Jean-Michel Basquiat (1960-1988) is not remembered as a musician. Rather, it’s his paintings with their frenetic energy, launching the viewer into both the profound and nightmarish, which serve as the primary legacy of his brief but immensely productive artistic life.
However, for a time, Basquiat was also part of an experimental music group, Gray. He once commented that “[Gray] was a noise band. I played a guitar with a file, and a synthesiser… We were trying to be incomplete, abrasive, oddly beautiful.”
Considering these two elements in unison, it is understandable when listening to the latest official release from Portuguese one-woman band Surma, that the track ‘Wanna Be Basquiat’ namedrops the artist. Immediately intense and raw, within seconds the piece propels you through a hammering loop-pedal construction of industrial, synth sounds to a gripping guitar hook. The final layer of force comes from her heavily distorted lyrics, yowled into little more than abstract sounds. Basquiat might have scrawled his words but they were still legible. Here, Surma goes one step further and contorts hers totally, completing the somewhat primal feel to this track, in spite of the synthesisers.
And this all happens in less than 3 minutes. The skill of the production is recognising that the track’s magnetism lies within its brevity. It is spat out, then teeters on reaching a high-octane crescendo through Surma’s guitar work before collapsing to a close, engulfed in a cloud of white noise. This allows the frantic energy built up to this point to retain its power, and you wanting to listen again, never quite having got enough the first time round.
This is thus exactly the type of track that would be thrilling to see unfold live, both for its creation and its effect. The ability to carefully construct such pieces means it is no surprise that Surma has toured extensively on the international circuit over the last couple of years, playing at over 200 festivals, including SxSW, Eurosonic and Primavera Sounds.
In a recent interview with Lisbon Live, Surma cited St Vincent as a key influence in learning how to loop and more generally in becoming an adept electronic musician. This training is evident here, and anyone interested in witnessing Surma demonstrating it should check out this equally mesmerising, if not more haunting, live version from ZEBRA sessions in 2016.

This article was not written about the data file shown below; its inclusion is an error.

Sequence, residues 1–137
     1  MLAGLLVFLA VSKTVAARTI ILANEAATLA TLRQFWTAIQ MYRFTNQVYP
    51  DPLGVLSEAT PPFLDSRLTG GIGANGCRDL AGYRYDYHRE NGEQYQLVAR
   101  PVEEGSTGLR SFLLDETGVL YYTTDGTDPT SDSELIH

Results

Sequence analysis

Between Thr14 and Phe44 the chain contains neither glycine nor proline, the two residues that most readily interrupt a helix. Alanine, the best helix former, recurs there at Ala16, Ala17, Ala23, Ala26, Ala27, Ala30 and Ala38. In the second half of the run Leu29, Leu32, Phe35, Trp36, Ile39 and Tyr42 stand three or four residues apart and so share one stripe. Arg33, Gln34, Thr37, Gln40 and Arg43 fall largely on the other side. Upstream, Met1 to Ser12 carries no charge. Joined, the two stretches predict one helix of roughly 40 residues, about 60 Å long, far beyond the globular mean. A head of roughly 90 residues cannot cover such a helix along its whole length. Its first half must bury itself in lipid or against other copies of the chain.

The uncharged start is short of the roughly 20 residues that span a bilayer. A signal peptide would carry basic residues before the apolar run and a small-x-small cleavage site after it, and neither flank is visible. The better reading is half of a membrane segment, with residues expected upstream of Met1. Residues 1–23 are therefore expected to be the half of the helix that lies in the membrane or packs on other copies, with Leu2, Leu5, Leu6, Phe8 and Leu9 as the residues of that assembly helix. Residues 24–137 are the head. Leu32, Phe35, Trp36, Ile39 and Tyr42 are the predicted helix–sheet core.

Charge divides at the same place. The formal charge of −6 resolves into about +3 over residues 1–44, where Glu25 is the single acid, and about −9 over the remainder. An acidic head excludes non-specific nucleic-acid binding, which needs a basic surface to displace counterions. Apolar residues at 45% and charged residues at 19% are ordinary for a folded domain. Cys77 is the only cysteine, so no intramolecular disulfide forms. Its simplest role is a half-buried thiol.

It is therefore appropriate here to note that this song is a bit of an outlier in Surma’s official releases. Many of her tracks fall more comfortably under the ambient-electronic genre, with childlike vocals and more mellow beats creating immersive soundscapes. These can be found on her 2017 debut album ‘Antwerpen’, which was nominated by IMPALA for Best European Album of the year.
However, this only makes ‘Wanna Be Basquiat’ all the more interesting. The decision to release it now serves as a means of seeing where Surma emerged from, comparing this to the style she initially decided to explore and considering the direction she might be going in next, with the release of a new album next year. If this is a sign of the type of tracks we can expect, it is quite the statement of intent.
I was aware on a first listen that this was an intriguing piece. However, I have increasingly found it circling around my head like the hook which underpins it. Listening back, it is possible each time to notice new details and flairs punctuated throughout. This is a skilled, compelling and increasingly listenable number, accompanied by a suitably artistic and dystopian video. Powerful but tightly controlled in the right places, it packs just the right punch.
Incomplete and abrasive-and as the 2016 version, in particular, demonstrates, with the potential to be ‘oddly beautiful’. Sound familiar?